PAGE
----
When asked about what configuration people should strive for in a home Wi-Fi network, most experts gathered at the Canadian ISP Summit agreed that tacking on an external router to the ISP-provided unit is the way to go.

This configuration is a win-win for both end-users and providers. As the work-from-home crowd grew, so did people’s expectations for internet connectivity. Once a luxury, a fast and stable service has become a necessity to not only sustain a productive home office but also to keep students on top of school work and everyone informed on current news.

While it’s easy to point the fingers at ISPs when the connection goes awry, some users should check their hardware.

Emily Ferreira, vice-president of operations at Start.ca, said the best set up is to split rather than merge the two systems.

Related:

What is WiFi sensing and what can it do?

“The preferred approach is for the customer to have a separate modem and router…having two separate units allows us to isolate the problem much faster.”

When customers sign up for an internet subscription, they’re often provided with a modem and router combo unit. While a single unit is easy to set up, it isn’t the best option for a large household with a complex floor plan. Installing separate routers or a mesh Wi-Fi system can ensure that everyone in the house gets strong signal coverage.

“I like to use the analogy of painting a room,” said Ferreira. “They have invented a paint now that claims that you only need one coat on the wall, and you’re done. Is that easier? Yes. Will it work? Yes, but we all know, if you’ve painted before, that two coats over is so much better and looks so much better.”

One deficit to this setup is that it increases the cost of the network. But while using a router-modem is the cheaper option, investing in separate devices can improve service quality for both components.

“By separating the modem from the router, you’re already removing this noise, which is caused by the modem and impacting the Wi-Fi. Just having it on one device is already lowering the Wi-Fi performance by a lot,” she explained.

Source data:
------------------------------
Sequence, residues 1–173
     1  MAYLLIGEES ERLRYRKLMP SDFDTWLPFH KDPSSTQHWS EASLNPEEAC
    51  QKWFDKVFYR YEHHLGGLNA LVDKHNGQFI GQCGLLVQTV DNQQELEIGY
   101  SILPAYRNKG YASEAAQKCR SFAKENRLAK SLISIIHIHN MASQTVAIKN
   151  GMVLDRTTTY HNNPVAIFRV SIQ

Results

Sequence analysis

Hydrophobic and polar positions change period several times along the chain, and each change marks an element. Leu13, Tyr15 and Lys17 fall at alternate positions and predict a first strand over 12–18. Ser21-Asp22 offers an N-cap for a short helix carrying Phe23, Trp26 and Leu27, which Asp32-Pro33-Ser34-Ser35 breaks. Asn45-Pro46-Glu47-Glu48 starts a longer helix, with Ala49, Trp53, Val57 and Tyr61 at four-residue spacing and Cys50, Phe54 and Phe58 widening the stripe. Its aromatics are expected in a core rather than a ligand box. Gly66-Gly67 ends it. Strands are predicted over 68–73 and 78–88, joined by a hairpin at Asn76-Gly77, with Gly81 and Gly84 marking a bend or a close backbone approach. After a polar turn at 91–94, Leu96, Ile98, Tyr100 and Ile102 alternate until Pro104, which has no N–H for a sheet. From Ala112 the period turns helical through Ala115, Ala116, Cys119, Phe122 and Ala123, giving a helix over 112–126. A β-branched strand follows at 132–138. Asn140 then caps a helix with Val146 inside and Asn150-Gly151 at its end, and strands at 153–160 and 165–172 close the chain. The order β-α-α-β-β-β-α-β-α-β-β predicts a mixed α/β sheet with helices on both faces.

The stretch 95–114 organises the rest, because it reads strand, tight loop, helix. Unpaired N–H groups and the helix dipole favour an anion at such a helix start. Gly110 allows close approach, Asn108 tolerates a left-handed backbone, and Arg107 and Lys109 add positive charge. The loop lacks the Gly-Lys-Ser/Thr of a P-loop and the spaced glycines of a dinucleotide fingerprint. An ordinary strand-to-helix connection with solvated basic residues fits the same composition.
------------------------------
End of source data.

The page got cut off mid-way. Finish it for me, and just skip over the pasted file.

A dashboard for Bell’s Home Hub 3000 router-modem. Image credit: ITWC

Moreover, splitting the two units improves flexibility as the components can be upgraded independently when new technology arrives.

“If you look at the speed of innovation in the space, we were looking at upgrades every two to three years,” said Erik Ackner, president of Mercku Europe. “We’re moving now to Wi-Fi 6 and Wi-Fi 6E is coming. We’re adding a lot of more advanced and smart features into Wi-Fi, for example, Wi-Fi motion sensing, which makes those upgrades happen much faster compared to the bottom. So we see a clear advantage for separating both.”

Lastly, separating the modem and router can reduce troubleshooting time by isolating the problem to specific devices. Many routers include robust software that provides insights for when the network stalls.

Some things to keep in mind when setting up a new home network with a new provider:

  • Change the default password to the router-modem’s control panel. This is a separate password from the default password for Wi-Fi. You can access the control panel by typing in “Http://home” in your browser’s URL bar or the router’s internal IP Address. Different manufacturers use different internal IPs, so it may require a bit of searching.
  • Set up a guest network for when strangers visit. A guest network only provides internet access and blocks connections to devices on your home network.
  • When bypassing the internal router completely, make sure to disable the router in the ISP’s modem.
  • Check what quality of service (QoS) features are in the device. While bundled ISP router modems often have limited customization options, some do offer features like per-port bandwidth controls, scheduled shutdown, and MAC address filtering.
  • A physical wired connection to the device is still the most stable option.

Find all the talks at the Canadian ISP Summit here.

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